In meditation the silence slowly mixes your various feelings, moods, and contradictory beliefs into a soft, pliable sense of presence, and the hours on the cushion produce the heat which generates insight. From this combination of conditions, there slowly emerges a person grounded in wholeness and understanding. It takes time for this heating process to work, but it doesn’t matter if your mind is restless and constantly wandering, or your body is in pain, or you are filled with doubt; all these reactions are just fuel for your work on the cushion.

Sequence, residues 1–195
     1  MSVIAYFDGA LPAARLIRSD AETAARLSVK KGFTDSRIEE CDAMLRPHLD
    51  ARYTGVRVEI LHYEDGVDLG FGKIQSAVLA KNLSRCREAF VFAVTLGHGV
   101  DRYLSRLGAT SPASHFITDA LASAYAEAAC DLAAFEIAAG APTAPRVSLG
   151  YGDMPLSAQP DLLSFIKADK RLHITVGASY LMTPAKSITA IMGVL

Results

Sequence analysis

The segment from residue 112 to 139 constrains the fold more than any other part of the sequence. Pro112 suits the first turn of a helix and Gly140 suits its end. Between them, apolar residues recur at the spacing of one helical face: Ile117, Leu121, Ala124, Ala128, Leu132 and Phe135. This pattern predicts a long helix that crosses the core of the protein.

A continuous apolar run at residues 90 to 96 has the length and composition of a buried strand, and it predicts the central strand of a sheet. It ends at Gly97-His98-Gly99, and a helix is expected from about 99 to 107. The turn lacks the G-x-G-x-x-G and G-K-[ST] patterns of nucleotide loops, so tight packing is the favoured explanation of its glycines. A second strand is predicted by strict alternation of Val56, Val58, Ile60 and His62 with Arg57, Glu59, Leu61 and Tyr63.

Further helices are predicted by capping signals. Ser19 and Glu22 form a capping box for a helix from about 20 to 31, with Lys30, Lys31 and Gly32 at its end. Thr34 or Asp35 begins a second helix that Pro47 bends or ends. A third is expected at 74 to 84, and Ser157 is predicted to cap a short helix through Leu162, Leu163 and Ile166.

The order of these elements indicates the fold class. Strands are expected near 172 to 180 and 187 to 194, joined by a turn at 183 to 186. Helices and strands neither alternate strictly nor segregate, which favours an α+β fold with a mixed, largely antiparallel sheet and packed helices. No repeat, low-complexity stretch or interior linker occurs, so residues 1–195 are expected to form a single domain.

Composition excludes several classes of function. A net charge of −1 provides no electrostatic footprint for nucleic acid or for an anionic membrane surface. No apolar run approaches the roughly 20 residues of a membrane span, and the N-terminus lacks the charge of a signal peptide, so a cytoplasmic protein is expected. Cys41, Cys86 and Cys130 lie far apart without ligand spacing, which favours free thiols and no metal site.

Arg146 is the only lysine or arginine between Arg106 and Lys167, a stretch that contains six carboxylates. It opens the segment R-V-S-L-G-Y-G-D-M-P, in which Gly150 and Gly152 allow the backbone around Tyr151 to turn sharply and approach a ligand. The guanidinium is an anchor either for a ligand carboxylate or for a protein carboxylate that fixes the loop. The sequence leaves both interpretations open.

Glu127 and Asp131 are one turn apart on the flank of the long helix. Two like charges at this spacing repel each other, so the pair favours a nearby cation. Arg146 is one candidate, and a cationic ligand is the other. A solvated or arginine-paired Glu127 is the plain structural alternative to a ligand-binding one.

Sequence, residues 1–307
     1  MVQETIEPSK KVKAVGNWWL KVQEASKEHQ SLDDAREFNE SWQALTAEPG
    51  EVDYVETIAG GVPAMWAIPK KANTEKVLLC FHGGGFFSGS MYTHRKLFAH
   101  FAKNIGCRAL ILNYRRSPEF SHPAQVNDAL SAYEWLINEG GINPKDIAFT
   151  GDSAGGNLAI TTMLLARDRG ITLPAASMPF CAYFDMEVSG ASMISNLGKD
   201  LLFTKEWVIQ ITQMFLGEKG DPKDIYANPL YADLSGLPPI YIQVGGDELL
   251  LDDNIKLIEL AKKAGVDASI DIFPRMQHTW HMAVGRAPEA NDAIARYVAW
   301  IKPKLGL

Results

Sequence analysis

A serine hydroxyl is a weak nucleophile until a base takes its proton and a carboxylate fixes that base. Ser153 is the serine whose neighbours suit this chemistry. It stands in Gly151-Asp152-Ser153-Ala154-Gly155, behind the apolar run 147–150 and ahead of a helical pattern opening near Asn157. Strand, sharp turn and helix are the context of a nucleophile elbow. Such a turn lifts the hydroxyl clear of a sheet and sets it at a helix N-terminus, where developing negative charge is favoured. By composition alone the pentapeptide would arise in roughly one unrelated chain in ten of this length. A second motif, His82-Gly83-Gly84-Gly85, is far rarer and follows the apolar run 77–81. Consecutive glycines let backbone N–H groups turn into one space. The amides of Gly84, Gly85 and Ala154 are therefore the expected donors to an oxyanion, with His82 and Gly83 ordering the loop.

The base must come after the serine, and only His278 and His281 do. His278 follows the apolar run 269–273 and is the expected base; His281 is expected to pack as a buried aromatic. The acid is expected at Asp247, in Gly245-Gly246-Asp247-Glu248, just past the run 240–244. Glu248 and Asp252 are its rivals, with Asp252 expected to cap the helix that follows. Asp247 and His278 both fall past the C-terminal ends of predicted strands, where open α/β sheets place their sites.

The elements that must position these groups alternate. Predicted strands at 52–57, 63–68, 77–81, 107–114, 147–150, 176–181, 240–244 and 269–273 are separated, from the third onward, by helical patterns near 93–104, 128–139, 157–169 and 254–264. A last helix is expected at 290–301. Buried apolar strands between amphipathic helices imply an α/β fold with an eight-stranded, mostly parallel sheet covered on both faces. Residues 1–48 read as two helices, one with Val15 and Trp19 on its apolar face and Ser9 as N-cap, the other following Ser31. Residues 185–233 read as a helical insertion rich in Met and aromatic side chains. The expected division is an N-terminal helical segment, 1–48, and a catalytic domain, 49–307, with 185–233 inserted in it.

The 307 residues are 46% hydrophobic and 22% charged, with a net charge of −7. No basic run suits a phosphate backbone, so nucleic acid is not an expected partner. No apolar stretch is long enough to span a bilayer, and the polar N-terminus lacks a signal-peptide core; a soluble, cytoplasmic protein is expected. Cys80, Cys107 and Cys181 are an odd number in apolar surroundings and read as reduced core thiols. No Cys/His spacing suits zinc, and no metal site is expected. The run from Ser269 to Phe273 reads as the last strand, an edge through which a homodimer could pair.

As your capacity for compassion and loving-kindness grows, you begin to discover the many nuances of that which we call love. Is love at its heart desire? Is it love you are feeling when you wish good things for your loved ones? Or is love an unmoving energetic state from which all else moves, including your good intentions and good wishes?
If it is the latter, then there is a unity of love, an unchanging state of love which sometimes we are in touch with and other times not. T.S. Eliot put it this way in Four Quartets (Harcourt Brace, 1974): “Desire itself is movement / Love is itself unmoving, only the cause and end of movement.”